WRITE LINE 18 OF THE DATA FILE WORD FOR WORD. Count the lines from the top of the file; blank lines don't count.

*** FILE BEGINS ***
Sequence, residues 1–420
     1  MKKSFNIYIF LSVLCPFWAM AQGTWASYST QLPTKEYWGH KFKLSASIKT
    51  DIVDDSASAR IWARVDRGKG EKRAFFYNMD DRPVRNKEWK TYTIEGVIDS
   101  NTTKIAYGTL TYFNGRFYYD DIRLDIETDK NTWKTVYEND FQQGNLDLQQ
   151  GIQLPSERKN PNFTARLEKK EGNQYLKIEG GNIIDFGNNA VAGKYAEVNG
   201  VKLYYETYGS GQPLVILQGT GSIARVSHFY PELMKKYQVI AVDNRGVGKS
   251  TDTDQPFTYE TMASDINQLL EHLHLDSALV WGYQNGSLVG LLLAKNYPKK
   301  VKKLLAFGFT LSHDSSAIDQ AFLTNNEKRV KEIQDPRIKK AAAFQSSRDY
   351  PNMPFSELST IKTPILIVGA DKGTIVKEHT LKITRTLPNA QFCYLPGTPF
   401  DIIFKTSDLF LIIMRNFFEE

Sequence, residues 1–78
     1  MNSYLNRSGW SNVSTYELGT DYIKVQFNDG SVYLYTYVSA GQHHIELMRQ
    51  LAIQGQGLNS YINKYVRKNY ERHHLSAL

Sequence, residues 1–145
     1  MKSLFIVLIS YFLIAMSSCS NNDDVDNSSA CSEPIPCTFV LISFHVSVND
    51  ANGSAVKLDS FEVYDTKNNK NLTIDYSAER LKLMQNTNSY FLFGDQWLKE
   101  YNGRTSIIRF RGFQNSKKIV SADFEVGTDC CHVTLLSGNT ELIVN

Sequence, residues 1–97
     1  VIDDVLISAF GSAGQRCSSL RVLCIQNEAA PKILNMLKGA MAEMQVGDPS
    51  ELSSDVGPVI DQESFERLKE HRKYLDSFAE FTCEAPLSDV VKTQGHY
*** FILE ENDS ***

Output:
Sequence, residues 1–97